His Buddhist traits are starting to show, but he’s not really a religious person. I get the feeling he’d prescribed to the laidback spiritual essence of California long before posting on facebook for a Westside Rentals password. Kwang doesn’t do drugs or drink really, a contemporary “post-hippie” whose parents were cool enough to let him play Nirvana and Pearl Jam covers growing up in Seoul. Baroo is now Kwang’s entire life. He has no family here in LA, he lives and breathes this tiny storefront, and you can see him getting better at it with time. Being around him is relaxing; the way he weaves his tranquil Korean philosophies into LA’s sun-drenched self care fabric have proven to work well for both his cuisine and his life.
Kwang is lucky to be of the age where he can sample from both traditional and experimental worlds, while still being respected by both. Modern and unique methods that somehow most “Old Heads” can accept, not unlike a Kodak Black, or Oat Milk. Kwang says the food here in LA’s Koreatown is more more seasoned, and salty than in Korea, and that I might be disappointed to eat my favorite dishes there. Soban on Olympic Blvd has the most authentic banchan he’s found in LA, the braised short ribs at Sun Nong Dan are among his favorites as well. He loves Panda Express and hates McDonalds, good man. I was surprised to learn he likes Fat Sal’s, a Hollywood slop spot when in the mood for a naughty meal.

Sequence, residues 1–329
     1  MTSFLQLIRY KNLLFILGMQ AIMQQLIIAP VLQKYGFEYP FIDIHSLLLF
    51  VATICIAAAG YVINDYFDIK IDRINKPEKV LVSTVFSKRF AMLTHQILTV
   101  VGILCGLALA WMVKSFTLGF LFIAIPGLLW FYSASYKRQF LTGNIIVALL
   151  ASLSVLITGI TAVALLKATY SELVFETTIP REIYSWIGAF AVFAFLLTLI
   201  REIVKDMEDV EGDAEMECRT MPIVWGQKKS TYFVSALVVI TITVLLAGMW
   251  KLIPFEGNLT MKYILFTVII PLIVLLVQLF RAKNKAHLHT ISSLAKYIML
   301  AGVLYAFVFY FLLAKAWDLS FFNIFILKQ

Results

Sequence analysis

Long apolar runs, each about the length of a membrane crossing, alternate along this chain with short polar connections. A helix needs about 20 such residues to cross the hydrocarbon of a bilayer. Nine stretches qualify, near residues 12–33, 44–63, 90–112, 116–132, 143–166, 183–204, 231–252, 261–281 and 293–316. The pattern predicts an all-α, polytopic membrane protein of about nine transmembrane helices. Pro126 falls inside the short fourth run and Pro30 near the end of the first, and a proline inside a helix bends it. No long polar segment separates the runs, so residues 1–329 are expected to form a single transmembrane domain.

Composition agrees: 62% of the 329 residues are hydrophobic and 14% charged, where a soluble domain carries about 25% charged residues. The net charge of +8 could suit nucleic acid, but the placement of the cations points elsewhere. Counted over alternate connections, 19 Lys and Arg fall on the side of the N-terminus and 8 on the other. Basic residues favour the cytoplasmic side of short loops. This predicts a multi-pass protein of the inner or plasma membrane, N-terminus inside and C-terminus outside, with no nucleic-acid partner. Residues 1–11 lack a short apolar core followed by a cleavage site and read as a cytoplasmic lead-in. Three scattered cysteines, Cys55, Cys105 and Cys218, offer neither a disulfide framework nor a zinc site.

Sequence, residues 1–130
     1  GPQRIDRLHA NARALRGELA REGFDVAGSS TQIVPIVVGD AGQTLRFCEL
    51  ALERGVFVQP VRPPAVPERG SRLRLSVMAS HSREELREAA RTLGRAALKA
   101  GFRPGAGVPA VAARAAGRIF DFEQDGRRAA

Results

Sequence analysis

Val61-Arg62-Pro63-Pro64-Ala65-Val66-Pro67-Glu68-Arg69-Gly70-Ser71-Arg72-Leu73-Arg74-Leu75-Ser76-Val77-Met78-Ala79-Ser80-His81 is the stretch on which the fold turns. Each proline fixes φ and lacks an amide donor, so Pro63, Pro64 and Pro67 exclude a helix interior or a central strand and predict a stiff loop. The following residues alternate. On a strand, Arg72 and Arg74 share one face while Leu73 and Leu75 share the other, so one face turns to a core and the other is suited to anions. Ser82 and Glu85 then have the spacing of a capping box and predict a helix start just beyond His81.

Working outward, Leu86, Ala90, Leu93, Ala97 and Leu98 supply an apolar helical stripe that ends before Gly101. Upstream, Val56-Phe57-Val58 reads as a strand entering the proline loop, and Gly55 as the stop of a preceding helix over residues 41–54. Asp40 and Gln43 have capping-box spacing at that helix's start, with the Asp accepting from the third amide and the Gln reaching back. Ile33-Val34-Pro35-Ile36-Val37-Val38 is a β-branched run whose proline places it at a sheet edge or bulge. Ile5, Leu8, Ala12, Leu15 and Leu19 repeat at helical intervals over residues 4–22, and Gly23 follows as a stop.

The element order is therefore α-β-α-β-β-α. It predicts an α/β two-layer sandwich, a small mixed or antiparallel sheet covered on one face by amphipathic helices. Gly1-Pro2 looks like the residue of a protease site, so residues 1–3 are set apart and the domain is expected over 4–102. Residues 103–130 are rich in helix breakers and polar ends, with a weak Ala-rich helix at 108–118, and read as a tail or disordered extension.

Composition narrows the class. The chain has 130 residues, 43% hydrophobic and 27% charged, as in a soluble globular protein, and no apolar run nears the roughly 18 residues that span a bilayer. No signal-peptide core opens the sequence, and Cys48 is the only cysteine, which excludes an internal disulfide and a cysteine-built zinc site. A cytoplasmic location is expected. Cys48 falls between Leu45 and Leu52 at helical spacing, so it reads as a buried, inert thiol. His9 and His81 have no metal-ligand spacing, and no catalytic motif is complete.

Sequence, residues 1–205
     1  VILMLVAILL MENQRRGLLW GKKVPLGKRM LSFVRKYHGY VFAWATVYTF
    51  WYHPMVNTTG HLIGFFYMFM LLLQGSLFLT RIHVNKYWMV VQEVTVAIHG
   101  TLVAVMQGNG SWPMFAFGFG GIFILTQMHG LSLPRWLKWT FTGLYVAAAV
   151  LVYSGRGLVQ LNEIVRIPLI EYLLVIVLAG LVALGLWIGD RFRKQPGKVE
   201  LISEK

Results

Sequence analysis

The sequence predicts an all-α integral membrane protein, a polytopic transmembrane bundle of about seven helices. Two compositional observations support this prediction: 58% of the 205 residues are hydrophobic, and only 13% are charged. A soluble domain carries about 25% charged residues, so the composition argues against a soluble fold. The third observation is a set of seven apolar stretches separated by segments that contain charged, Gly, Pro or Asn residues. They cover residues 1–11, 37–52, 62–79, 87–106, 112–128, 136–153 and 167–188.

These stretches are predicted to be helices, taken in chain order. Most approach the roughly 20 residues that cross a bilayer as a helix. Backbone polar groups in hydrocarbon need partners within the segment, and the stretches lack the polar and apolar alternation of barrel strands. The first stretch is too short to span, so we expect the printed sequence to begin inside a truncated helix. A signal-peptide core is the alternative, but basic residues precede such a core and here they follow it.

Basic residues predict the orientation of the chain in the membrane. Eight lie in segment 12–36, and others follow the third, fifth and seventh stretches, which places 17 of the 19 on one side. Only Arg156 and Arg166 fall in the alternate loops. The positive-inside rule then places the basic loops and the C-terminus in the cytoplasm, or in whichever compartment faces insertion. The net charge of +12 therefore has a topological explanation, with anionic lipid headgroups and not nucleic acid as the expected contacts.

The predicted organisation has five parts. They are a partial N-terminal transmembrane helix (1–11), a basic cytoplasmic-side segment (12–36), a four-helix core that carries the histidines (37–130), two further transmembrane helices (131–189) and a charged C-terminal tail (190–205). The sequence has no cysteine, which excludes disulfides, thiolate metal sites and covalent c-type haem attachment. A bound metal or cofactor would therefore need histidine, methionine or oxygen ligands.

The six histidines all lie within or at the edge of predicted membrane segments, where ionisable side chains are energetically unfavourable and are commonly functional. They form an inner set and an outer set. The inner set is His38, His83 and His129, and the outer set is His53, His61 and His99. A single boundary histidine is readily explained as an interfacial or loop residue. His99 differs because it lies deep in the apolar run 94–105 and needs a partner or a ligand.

I asked him how much money it took to open Baroo, after a few seconds of “ums” and smiles he started telling me that restaurants in LA often cost upwards of $500,000 to open up. I nodded politely, we all read Eater. He wouldn’t tell me exactly, but it’s a LOT less than half a mil’. Kwang was able to open an internationally acclaimed restaurant for more or less the cost of a late model Kia Soul. He’s been offered investment opportunities but he believes that kind of relationship puts the restaurant out of balance, and that outsider influence, even the slightest, can breed animosity. A suspicion I can relate to, perhaps we could both let our guard down a bit on that.
You can tell they’re mindful of the current class disparity, and how it affects the way we eat. Only the upper class being able to eat healthy, buy organic, pick up a CBD elixir when they’re having a bad day, while the lower class struggles to find food their kids will eat that isn’t exploding with sodium or injected with hormones. In the grand scheme of things, Baroo is priced well, they aren’t cheap, but close enough to be “training wheels” for the underprivileged. Local kids can save up a bit, ride their bikes to Baroo and eat something truly insane. Even for $2 they can get a small plate of pineapple and cabbage kimchi, hitting every flavor note in the book, unlocking an entirely new part of their brain. We need Baroo now more than ever, a buffer between the two worlds, a curiosity for food that goes beyond is all you need to pull up. “Human beings are social animals,” says Kwang, and he’s created the perfect place for his weird ass to be social.